The consolidation of the dental lab industry presents a potentially lucrative opportunity for independent operators. But selling your dental lab requires forethought and planning. Ask yourself these five questions to get the selling process started…
Your motivation for selling your dental lab business is important. It will help to define your goals, which will in turn direct your overall sales strategy.
For example, is selling your lab part of your succession plan as you look towards retirement? Do you want to retain a stake in the lab, or are you looking to cash out? Are there partners involved? Do you want to protect the future of your current employees? Do you have family members involved in your business?
These are all important questions that may come into play as you go through the selling process. Get your motivation and goals straight from the outset and you’ll save yourself potential angst later on.
Coming up with an accurate valuation for your dental lab business can be quite complex. There are three common business valuation methods to consider, but your choice will rest on the current financial health of your lab.
For example, if you are currently in a strong financial position with high annual turnover, an income-based valuation may be best for you. On the other hand, if cash flow is currently a problem for your dental business but you own a lot of equipment, an asset-based valuation could give you the best result.
Your choice of valuation method will rest on the current health of your dental lab business.
Seeking help is always a good idea. A proper business valuation requires expert skills. For starters, you’ll likely benefit from employing an experienced account — if you don’t already have one — to gather all the financial reports you’ll need for an accurate business valuation.
Your next stop should be to a business valuation specialist. They’ll get to know your business and guide you on which valuation method is best for your circumstances, or may recommend a combination of methods.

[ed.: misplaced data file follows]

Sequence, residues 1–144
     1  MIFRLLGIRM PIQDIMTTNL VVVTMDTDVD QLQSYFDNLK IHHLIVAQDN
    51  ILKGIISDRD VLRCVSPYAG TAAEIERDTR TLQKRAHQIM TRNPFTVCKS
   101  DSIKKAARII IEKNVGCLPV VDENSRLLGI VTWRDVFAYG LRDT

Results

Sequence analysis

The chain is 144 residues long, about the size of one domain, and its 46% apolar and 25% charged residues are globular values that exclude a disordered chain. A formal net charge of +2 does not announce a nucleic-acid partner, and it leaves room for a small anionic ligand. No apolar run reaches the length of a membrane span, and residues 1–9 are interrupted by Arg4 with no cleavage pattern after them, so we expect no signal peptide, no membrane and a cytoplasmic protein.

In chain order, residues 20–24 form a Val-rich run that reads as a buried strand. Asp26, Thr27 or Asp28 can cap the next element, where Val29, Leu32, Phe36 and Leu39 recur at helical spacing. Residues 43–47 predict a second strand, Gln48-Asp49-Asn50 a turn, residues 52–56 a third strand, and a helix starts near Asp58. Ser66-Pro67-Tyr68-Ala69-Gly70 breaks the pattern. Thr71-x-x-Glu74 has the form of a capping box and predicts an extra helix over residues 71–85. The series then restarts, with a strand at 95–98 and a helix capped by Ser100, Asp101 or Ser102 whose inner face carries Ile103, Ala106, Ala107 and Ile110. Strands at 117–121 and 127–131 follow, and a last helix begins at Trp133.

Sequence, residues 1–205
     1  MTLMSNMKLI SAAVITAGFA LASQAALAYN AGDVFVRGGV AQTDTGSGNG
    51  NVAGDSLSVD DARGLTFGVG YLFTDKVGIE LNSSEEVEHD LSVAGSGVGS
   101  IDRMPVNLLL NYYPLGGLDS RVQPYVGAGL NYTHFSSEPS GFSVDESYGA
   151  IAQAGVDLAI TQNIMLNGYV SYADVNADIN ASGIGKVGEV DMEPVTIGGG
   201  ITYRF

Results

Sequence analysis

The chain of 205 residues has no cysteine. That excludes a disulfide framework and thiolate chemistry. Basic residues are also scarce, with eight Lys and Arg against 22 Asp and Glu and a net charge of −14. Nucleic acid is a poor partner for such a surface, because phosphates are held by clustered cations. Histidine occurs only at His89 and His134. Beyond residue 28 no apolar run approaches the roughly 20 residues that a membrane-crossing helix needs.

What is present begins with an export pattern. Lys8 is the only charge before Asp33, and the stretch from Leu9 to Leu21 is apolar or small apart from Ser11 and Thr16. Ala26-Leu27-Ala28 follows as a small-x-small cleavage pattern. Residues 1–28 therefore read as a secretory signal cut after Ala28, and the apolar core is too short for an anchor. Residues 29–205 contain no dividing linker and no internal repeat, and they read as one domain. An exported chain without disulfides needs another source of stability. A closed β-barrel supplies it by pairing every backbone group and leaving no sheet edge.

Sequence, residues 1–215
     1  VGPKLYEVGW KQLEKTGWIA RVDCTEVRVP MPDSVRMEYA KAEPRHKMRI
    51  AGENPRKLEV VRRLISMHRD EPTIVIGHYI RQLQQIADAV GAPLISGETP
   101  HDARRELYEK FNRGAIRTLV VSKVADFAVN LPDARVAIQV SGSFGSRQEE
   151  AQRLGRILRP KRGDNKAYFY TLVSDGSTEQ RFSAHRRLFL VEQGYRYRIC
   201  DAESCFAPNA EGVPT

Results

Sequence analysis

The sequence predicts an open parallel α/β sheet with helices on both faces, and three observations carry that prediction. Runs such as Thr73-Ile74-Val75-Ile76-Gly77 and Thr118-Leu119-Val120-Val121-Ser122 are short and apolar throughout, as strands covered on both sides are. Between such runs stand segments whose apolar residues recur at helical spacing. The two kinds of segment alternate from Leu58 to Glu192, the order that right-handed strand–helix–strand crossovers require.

Finally, a business broker — particularly one that specialises in the dental industry — will help take your lab to market and represent your interests in negotiations with potential buyers.
As the consolidation of Australia’s dental lab industry continues, larger corporate networks are hungry to acquire smaller, independent dental labs. This has created a relatively strong market for now, however this is not likely to last after corporate networks inevitably move out of their growth phase.
Of course, you can also consider selling to entrepreneurs keen to make their mark in the dental health industry. And larger dental practices that might be looking to add in-house lab services to their business could be in the market to purchase a dental lab.
Larger corporate networks are hungry to acquire smaller, independent dental labs.
For starters, if you’re not the sole owner of your lab, you’ll need to ensure your partners or other stakeholders are all on the same page for the sale to be a success.
It’s also essential that you’ve set the lab up to be able to run without you. All workflows and processes should be documented, and relationships with clients and suppliers should be formalised. While you may have been happy to work on hand-shake deals and long-term relationships, your buyer most likely will not.
You’ll also need all your financials in order, and be able to provide the data or metrics potential buyers will need to do their due diligence. And it should go without saying that your lab needs to be well presented and prepared to host visits from interested parties.
While selling your dental lab may seem like a drawn-out process, don’t take shortcuts. It will only cost you in the long run. Rather, commit to the process and you’ll be more likely to secure the price that’s worthy of the hard work you’ve put into building your business.
Contact Avant’s MD Richard Salter firstname.lastname@example.org if you are interested in selling your dental lab business.